“I actually think they started doing it to prove a point,” says Leslie Fremar, a stylist who has dressed Jimmy Fallon and Johnny Knoxville, and who believes that grunge antiheroes like Kurt Cobain set the down-and-out dress code for today’s stars with their reverse-chic posturing. Tim Gunn suggests that it’s a matter of status. “The higher up you are in the celebrity hierarchy,” he says, “the more qualified you are not to dress up.” By this logic, dressing up looks like striving, like you haven’t quite arrived. The funny thing is that all these men carefully rumpling their shirts and hair spend as much time on their appearance as the ones in suits and ties. “You get these guys that act like they don’t care how they look,” says Cher Coulter, an L.A.-based stylist who dresses Orlando Bloom, Eric Bana, and Colin Farrell. “But you know what? They do. Or else they would just wear the suit their publicist tells them to. Sometimes I feel like I’m asking for blood to just get them to put a vest on. They want to just look like a dude and be like, ‘I’m real.’” Many stars are, of course, willing to strip off the couchwear and shrug into finery donated by a designer. And some, like Bloom and Gyllenhaal, seem to enjoy dressing up for big events; Lauryn Flynn, director of celebrity services at Calvin Klein, reports that Terrence Howard spends hours choosing accessories. Could it be that the pendulum is starting to swing back?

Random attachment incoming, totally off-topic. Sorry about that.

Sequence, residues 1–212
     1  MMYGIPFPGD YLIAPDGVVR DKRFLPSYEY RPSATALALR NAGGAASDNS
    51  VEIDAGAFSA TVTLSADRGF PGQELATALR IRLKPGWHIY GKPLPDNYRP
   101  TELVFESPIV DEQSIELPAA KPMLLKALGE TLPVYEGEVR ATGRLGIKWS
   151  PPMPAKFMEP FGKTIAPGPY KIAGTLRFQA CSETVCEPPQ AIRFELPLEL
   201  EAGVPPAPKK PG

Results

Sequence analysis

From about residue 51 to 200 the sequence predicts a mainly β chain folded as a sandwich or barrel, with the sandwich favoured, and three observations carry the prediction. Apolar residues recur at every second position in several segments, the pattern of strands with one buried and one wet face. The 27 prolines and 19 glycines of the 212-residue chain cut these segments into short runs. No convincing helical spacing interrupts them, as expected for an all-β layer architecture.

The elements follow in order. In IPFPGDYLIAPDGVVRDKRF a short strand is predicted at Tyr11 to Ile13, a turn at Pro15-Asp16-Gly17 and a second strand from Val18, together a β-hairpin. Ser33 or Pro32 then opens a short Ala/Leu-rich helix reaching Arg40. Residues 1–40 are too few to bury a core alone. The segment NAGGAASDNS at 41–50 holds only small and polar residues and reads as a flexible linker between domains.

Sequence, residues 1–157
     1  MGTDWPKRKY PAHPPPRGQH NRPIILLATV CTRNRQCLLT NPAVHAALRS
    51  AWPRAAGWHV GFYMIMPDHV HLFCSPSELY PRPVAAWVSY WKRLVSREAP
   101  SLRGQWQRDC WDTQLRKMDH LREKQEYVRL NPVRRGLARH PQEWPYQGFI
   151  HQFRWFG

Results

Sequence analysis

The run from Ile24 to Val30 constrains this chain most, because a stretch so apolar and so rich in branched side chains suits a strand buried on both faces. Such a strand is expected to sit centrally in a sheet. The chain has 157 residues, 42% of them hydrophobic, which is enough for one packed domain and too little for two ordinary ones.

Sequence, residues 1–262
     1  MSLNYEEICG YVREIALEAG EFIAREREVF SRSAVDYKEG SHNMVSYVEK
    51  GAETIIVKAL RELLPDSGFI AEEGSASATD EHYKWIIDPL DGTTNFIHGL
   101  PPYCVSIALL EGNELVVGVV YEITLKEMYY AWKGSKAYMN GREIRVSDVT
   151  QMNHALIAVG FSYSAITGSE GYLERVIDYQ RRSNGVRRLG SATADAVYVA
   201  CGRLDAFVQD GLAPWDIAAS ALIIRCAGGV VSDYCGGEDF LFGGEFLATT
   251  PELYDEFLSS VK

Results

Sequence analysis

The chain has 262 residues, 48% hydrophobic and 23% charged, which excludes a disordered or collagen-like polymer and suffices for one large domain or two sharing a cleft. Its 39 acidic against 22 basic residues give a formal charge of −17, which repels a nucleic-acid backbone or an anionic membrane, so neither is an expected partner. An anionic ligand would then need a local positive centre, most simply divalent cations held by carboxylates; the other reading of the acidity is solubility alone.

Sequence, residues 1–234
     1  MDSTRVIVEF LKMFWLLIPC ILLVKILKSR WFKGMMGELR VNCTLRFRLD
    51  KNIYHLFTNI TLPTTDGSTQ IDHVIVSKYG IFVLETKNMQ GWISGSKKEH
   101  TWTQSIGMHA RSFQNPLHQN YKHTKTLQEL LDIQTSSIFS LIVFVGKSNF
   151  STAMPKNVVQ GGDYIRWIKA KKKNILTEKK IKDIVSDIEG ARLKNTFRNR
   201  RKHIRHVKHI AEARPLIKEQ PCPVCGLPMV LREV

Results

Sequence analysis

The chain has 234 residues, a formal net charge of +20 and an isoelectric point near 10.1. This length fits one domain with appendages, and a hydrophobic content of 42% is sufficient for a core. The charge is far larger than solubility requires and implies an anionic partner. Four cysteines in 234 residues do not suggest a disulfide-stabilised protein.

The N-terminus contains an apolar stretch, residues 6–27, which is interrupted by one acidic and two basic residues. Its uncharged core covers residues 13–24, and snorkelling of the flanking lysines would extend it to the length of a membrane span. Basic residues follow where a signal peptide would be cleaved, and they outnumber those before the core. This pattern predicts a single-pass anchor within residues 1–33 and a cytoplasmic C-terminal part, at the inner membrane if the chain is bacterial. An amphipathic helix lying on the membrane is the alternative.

“The jeans-and-T-shirt look has become the establishment,” says Thom Browne, the meticulous suitmaker who won this year’s CFDA menswear award. Today’s real rebels, he says, are the ones in suits. Coulter thinks that the music scene is having an influence again: “Look at what all the cool British bands are wearing now.” Even Dolce & Gabbana, the designers who once touted shredded denim as formalwear, are putting their celebrity clients in basic black suits. “I’m 47 years old,” Domenico Dolce says. “I want to dress like a man, not a boy.”